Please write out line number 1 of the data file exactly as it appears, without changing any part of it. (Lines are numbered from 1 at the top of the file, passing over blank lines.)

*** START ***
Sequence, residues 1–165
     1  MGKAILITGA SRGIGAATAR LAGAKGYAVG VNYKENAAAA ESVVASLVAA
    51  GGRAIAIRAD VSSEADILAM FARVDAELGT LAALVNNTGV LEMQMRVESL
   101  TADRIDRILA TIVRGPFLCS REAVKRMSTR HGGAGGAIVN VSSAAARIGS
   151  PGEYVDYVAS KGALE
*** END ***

Sequence, residues 1–165